Health officials issue toxic algae advisory for popular Idaho fishing spot

For the third time this summer, high levels of toxin-producing bacteria in water have triggered a public health advisory in Idaho, and the popular destination this time is Brownlee Reservoir along the Snake River.

A press release issued Friday by Southwest District Health advised people to avoid swimming and other water activities in Hells Canyon Reservoir straddling the Idaho-Oregon state line due to ‘a harmful algal bloom of cyanobacteria that can cause illness and death in humans and animals. Cascade Lake and CJ Strike Reservoir were subject to similar advisories earlier this summer.

Dani Terhaar, a water quality scientist with the Idaho Department of Environmental Quality, said three blooms in one summer isn’t unusually high. Cyanobacteria occur naturally and blooms are often triggered by warm temperatures. Nutrient runoff, both natural and human-made, can also contribute to the growth of cyanobacteria.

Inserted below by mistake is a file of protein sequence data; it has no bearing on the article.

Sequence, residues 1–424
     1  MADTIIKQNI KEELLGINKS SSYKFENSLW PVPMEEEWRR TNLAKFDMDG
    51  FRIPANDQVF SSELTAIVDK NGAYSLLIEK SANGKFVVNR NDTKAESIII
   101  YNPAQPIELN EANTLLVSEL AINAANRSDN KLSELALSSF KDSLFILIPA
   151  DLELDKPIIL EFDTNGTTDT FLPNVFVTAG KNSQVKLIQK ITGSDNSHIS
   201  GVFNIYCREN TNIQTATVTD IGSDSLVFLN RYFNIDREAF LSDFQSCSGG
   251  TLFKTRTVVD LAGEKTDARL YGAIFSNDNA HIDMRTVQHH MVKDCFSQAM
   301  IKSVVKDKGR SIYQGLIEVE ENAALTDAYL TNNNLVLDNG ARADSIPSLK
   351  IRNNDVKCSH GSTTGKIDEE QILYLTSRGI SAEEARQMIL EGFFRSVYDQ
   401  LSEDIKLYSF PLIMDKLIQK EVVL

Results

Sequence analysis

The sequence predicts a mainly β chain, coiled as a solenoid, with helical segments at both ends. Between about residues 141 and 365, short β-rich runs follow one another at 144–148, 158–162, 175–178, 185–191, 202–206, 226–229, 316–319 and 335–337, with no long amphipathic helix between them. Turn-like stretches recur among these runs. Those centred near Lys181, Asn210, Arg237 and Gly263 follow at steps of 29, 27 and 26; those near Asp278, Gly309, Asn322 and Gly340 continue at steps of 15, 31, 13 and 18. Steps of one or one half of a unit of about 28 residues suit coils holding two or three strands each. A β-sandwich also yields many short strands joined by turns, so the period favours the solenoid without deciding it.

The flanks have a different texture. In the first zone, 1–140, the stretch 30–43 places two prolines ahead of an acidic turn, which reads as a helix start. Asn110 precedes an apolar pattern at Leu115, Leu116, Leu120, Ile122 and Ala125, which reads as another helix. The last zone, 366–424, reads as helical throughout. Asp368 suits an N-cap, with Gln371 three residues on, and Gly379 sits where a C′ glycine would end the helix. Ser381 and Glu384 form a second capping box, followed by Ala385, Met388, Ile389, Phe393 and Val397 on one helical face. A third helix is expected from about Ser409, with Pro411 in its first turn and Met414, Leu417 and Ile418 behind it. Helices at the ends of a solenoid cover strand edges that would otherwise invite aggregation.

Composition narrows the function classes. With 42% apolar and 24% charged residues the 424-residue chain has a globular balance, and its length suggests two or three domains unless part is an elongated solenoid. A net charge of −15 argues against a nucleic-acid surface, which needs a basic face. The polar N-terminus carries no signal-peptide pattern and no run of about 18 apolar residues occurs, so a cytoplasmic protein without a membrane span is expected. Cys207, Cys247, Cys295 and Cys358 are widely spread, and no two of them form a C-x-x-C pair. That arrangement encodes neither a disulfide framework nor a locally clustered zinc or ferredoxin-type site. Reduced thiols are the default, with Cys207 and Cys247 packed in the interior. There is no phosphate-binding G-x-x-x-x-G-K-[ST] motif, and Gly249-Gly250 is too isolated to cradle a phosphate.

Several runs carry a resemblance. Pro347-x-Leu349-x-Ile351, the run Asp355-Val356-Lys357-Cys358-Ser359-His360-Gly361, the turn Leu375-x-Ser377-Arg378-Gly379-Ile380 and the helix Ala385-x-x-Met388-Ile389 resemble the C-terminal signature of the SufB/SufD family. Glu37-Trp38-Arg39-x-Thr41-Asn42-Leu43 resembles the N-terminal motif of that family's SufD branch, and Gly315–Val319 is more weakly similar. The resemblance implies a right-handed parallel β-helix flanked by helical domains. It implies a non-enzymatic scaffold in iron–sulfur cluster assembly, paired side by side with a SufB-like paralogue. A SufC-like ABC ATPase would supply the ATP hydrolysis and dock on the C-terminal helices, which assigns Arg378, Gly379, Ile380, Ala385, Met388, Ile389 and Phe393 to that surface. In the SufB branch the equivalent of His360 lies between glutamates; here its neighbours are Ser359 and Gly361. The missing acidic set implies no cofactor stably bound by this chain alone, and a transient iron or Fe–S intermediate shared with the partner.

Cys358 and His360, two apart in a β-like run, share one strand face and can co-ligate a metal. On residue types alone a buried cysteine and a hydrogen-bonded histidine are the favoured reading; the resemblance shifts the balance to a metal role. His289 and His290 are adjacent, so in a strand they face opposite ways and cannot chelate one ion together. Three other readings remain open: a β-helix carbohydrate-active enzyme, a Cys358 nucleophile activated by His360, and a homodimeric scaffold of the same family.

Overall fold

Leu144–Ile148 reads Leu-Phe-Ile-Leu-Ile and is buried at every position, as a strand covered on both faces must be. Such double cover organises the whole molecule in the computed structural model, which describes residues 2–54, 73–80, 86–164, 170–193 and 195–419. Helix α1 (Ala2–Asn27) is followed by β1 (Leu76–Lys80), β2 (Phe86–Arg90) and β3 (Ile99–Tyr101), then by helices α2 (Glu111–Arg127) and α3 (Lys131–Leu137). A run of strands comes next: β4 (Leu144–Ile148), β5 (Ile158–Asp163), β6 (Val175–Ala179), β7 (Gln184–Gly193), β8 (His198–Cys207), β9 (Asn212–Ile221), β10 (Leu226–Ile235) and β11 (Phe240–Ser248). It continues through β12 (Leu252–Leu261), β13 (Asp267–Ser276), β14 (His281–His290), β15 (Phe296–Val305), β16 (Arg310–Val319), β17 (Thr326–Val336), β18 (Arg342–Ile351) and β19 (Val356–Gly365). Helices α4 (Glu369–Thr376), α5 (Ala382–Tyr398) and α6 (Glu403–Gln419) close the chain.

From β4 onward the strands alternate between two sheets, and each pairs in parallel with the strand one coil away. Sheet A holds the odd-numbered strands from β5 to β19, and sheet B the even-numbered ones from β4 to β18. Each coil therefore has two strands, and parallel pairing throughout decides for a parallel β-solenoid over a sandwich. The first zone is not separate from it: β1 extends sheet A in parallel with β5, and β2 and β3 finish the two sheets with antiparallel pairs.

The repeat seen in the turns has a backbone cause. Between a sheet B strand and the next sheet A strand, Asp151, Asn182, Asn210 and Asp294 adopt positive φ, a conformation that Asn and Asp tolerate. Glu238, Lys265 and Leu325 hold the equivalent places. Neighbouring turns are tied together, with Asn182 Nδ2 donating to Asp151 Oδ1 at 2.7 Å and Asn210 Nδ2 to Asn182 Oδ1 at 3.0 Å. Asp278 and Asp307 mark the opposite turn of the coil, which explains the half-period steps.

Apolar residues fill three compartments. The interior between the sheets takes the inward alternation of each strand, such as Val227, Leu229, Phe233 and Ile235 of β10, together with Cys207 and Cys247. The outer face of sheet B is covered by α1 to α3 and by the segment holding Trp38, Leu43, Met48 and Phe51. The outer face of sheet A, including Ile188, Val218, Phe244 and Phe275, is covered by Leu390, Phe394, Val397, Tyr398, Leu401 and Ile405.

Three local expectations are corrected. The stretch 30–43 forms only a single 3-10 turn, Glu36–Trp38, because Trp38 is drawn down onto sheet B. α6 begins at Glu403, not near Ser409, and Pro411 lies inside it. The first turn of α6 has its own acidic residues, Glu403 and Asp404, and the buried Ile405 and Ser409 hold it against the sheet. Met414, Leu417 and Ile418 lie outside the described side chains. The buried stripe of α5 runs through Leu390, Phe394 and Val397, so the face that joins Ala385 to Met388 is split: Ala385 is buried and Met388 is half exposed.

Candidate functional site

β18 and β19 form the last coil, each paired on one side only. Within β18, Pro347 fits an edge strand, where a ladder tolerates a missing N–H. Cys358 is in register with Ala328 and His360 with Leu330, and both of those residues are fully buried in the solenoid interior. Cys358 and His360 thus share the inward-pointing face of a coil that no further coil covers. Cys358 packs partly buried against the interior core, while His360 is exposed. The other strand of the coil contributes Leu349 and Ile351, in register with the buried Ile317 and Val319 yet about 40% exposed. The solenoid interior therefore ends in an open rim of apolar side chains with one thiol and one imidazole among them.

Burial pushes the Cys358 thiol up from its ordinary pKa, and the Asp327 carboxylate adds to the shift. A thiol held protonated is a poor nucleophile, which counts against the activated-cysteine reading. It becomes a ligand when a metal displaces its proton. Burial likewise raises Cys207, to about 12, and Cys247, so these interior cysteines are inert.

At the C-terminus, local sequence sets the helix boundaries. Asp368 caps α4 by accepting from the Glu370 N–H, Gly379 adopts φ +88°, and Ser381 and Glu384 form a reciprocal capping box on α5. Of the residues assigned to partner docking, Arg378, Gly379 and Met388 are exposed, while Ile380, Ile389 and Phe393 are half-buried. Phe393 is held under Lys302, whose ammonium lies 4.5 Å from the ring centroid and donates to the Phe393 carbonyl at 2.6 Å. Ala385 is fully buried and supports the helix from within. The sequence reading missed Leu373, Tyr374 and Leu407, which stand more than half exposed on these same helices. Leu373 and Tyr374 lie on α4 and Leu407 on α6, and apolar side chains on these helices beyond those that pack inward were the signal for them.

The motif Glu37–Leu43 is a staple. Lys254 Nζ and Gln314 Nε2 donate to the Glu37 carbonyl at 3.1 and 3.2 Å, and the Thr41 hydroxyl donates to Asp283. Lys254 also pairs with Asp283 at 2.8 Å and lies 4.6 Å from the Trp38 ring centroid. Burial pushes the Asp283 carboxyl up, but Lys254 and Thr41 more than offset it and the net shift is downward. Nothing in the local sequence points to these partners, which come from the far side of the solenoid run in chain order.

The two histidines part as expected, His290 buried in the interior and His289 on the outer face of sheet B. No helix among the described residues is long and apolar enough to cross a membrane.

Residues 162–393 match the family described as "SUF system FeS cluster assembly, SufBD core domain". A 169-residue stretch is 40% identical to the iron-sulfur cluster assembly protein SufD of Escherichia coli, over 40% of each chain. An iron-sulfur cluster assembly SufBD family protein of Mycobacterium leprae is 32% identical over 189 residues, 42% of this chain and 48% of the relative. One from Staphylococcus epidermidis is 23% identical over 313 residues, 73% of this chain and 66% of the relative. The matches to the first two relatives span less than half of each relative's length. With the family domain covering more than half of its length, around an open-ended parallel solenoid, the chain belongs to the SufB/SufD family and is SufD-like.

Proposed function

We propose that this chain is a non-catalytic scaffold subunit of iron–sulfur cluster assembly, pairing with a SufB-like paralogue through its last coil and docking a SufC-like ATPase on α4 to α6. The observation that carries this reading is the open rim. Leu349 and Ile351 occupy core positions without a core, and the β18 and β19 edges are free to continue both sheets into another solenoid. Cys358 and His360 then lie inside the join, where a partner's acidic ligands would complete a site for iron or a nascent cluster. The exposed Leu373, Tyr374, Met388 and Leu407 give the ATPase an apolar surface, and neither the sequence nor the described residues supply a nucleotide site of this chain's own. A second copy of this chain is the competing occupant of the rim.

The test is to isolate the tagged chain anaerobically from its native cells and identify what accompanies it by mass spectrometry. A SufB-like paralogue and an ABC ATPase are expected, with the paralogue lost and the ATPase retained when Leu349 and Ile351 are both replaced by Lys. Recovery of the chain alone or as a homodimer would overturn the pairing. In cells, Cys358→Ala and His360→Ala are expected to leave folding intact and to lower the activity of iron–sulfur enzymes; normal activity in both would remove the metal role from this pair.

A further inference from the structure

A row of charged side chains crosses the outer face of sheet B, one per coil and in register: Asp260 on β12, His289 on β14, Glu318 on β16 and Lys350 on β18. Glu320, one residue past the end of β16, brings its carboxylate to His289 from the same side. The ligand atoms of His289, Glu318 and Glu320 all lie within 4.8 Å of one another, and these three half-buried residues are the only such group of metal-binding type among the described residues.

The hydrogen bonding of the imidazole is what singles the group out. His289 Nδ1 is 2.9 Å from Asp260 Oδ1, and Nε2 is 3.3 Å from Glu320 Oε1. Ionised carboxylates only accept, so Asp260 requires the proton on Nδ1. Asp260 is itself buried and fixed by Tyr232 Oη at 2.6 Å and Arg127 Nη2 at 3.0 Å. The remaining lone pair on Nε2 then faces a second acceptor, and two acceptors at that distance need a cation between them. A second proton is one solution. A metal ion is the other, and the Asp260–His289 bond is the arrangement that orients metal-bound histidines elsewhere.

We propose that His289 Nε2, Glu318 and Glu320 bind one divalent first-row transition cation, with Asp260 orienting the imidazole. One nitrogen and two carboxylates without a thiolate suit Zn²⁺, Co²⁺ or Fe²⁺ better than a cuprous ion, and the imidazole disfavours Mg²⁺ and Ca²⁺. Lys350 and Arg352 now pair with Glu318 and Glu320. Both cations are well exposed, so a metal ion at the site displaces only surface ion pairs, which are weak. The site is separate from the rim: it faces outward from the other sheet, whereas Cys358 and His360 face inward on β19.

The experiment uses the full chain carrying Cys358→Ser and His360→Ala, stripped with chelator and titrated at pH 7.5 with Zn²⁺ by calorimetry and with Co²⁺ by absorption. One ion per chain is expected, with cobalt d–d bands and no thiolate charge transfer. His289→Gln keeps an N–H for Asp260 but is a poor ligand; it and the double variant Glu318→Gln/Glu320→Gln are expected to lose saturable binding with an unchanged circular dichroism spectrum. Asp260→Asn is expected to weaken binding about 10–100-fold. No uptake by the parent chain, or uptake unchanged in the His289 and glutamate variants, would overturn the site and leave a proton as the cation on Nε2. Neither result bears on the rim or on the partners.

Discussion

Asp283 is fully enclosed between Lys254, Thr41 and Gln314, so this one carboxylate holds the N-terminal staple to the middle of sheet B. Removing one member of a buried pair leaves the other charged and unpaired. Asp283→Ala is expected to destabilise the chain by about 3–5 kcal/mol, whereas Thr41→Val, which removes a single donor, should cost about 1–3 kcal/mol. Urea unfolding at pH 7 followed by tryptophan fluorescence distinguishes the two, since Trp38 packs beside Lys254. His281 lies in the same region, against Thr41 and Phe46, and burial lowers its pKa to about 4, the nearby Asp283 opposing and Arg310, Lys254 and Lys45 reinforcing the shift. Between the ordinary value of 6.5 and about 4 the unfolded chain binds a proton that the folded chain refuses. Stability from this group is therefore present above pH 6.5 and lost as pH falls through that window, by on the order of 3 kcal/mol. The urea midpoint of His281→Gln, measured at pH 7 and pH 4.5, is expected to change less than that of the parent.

According to the release, algal blooms can have a bad order and look like carpets, moss, spilled paint or surface scum.

South West District Health is asking people to wash their hands after handling fish from the area and to take extra precautions if they choose to eat fish caught there. People should also wash any animal skin or fur that comes in contact with the water, and avoid drinking or cooking with the water if camping in the area.

Symptoms of cyanotoxin exposure include rashes, hives, diarrhea, vomiting, coughing and wheezing, according to the release. More serious symptoms, such as liver and nervous system damage, can result from drinking contaminated water. Pets and children are at particularly high risk, including death.

Seek veterinary care if an animal becomes ill after coming into contact with water, health officials said.